In Matthew 10:16 we read:
I am sending you out like sheep among wolves. Therefore be as shrewd as snakes and as innocent as doves. (NIV)
What does "be as shrewd as snakes and as innocent as doves" mean?
Jesus is making several points here. We will be helped in understanding these points by unpacking them one by one.
Application: There is antipathy between preachers and their audiences. The preachers are innocent sheep; audiences are fierce wolves. Later in Matthew 10, Jesus describes ways in which audiences to the disciples' message would react fiercely to it:
Application: Jesus' disciples were to use sound judgment in their modus operandi. Open and honest communication is good, but there are also times when too much or inapt communication is not good. Silence, at times, is golden.
As Christians we are to
In other words, Jesus' disciples must use discernment and wisdom, which at times involves an element of shrewdness. By the same token, however, our lives must also be exemplary and blameless in the midst of a wicked and perverse generation (Matthew 16:4). Our good deeds are to bear witness to our heavenly calling, and they are to glorify our Father in heaven (Matthew 5:14-16).
If in being obedient to our commission to make disciples (or in context here in Matthew to preach "The kingdom of heaven is at hand," v.7) we suffer for righteousness sake, then so be it. It is far better to suffer as our teacher has--since students are not above their teachers in this regard (vv.24,25), than to be well thought of and well spoken of by everyone we meet.
Jesus calls us to be both discerning and wise, as well as innocent and blameless. Even when we are called before kings and governors, God will give us the right words to use, if we prayerfully and humbly allow Him to anoint our testimony for Him (vv.19,20).
In conclusion, shrewdness is not without the elements of preparedness, study, audience analysis, and keen listening skills. Peter encourages us to
To make a defense and to give an answer presumes, first, we are being asked questions, and second, we know how to respond to those questions, even if that means we become familiar with the arguments our opponents may use against us. To learn in advance how to answer those arguments is at the very heart of apologetics (Peter's Greek word for defense).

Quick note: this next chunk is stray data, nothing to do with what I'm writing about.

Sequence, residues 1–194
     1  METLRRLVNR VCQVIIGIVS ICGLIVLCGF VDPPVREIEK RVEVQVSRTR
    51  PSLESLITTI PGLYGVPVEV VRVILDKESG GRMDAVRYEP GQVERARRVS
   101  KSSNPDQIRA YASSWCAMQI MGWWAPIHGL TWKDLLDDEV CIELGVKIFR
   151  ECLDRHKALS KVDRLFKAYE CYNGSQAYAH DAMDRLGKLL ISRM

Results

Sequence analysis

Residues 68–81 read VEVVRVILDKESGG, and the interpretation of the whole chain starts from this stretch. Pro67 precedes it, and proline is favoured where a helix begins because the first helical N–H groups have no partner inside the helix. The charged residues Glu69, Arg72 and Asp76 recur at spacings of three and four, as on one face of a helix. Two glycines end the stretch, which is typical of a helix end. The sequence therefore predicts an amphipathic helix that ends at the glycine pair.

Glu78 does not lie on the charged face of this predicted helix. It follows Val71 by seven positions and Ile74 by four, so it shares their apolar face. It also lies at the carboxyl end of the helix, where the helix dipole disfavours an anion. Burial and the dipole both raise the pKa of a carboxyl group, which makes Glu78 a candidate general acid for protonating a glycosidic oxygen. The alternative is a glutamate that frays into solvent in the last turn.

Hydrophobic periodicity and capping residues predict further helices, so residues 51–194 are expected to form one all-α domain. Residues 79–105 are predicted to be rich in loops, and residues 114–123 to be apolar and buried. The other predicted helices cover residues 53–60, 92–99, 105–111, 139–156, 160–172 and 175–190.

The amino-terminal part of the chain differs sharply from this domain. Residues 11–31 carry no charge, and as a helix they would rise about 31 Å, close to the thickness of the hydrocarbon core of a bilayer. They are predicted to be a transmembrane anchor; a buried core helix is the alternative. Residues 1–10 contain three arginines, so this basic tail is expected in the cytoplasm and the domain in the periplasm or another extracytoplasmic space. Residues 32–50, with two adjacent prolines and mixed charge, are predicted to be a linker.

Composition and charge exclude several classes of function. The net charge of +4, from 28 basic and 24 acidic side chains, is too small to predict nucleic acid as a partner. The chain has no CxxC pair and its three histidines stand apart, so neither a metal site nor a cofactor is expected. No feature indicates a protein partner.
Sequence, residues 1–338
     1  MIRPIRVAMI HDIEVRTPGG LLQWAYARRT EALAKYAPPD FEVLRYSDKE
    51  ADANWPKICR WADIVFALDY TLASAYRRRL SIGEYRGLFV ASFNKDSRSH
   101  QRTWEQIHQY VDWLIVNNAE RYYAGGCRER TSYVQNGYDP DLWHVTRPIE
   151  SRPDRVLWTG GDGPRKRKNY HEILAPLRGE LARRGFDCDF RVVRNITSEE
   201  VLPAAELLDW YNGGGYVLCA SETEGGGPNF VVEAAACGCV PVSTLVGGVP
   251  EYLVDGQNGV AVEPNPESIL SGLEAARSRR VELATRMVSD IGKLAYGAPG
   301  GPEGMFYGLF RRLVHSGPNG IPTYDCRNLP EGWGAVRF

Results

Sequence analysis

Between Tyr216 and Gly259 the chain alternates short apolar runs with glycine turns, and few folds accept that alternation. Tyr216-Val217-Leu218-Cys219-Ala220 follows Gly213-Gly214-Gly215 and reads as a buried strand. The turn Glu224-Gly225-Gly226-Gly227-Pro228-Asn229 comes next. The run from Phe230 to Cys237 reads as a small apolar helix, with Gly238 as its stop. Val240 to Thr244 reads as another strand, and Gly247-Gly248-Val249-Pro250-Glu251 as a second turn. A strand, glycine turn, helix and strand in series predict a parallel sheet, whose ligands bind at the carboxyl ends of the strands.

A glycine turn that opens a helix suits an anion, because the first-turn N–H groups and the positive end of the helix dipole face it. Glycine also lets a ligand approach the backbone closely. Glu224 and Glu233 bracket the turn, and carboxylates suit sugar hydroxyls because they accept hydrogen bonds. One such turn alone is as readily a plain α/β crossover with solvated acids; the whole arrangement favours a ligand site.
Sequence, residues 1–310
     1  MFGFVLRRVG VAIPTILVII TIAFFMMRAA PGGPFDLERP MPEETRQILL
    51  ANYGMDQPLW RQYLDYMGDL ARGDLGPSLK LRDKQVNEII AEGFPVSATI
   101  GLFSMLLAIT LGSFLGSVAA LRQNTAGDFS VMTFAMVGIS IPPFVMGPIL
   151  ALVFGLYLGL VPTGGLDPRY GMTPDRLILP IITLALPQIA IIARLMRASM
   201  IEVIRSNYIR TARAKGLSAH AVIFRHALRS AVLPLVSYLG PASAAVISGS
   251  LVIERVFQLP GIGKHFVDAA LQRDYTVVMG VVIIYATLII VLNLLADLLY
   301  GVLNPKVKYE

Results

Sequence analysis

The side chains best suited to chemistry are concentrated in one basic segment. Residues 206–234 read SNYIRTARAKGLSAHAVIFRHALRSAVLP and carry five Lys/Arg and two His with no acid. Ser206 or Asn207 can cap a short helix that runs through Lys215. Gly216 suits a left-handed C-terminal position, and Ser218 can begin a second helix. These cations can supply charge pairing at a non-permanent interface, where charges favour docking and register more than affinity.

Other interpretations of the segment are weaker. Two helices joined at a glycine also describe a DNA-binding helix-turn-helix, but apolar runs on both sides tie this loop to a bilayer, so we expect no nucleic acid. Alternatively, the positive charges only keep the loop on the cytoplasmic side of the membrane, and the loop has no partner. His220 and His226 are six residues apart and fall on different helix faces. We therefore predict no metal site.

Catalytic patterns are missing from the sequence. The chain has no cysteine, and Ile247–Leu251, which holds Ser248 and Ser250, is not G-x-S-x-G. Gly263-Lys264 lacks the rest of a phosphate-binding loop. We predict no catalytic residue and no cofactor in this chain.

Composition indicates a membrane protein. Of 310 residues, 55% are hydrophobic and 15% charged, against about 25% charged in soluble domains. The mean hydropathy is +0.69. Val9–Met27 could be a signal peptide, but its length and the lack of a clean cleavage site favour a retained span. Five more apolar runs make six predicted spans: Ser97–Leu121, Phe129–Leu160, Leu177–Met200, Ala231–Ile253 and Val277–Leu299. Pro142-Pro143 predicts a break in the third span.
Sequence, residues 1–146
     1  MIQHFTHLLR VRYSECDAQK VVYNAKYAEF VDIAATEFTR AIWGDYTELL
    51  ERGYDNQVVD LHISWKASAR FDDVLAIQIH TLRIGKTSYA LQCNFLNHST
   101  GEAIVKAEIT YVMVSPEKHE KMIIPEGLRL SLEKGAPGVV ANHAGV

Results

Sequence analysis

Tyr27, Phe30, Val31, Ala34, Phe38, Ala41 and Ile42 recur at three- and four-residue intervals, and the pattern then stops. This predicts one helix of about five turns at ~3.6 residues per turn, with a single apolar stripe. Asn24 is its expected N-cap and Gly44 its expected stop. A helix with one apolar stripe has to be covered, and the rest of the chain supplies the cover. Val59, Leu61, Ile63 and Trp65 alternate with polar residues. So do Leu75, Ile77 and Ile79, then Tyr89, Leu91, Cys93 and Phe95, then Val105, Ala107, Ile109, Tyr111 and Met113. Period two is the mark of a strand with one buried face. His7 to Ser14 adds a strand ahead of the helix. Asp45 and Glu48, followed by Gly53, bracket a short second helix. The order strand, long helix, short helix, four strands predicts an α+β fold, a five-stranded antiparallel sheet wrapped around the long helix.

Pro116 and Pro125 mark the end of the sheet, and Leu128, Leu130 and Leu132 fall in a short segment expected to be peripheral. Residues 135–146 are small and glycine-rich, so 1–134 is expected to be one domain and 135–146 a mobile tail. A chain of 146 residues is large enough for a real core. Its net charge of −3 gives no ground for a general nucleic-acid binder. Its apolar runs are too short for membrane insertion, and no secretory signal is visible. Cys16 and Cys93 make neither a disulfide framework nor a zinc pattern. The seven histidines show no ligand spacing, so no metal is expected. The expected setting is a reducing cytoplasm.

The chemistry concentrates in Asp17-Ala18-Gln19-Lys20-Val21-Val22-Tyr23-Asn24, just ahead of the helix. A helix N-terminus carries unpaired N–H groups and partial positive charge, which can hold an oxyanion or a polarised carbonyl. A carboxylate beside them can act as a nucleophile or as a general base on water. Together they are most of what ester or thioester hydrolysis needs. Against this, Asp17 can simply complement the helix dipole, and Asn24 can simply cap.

Are we truly listening to people's questions about the hope within us and responding accordingly, or are we simply delivering a "one size fits all" message with no attempt to listen first, and then speak. As James tells us,
KJV version is rendered as:
The original Greek word would be better translated as "guileless" (i.e. without deceit, or not lying to people).
In other words speak truth but be careful of what you say because they will not like what you see (see v.18, 21, 22).
In v. 20 he is saying to speak by the power of the spirit (i.e. speak in a humble, kind way, but speak the truth).
In some instances when Jesus first appeared or did miracles he charged those who witnessed the miracles NOT to tell it (because they would try to prevent His ministry) or kill him. Sometimes it's wiser NOT to speak, as Christ did before the rulers before His crucifixion.
What does “therefore be as shrewd as snakes and as innocent as doves” mean?
This instruction is being given to disciples that are going on a mission. While most people focus on the words "serpent" and "dove", the words "wise" and "harmless" also bear consideration.
"Wise" speaks to capability. "Harmless" speaks to actions.
Since Jesus had just used the metaphor of sheep among wolves, and anyone who has worked with sheep know how stupid they are, the admonition to be wise is a sort of modifier to the illustration of sheep.
It is sort of like saying, "Since you will be as vulnerable as sheep among wolves, you should be wise as serpents, yet remain blameless.
The imagery of the serpent mitigates the stupidity of the sheep, while the imagery of the dove mitigates the danger of the serpent.
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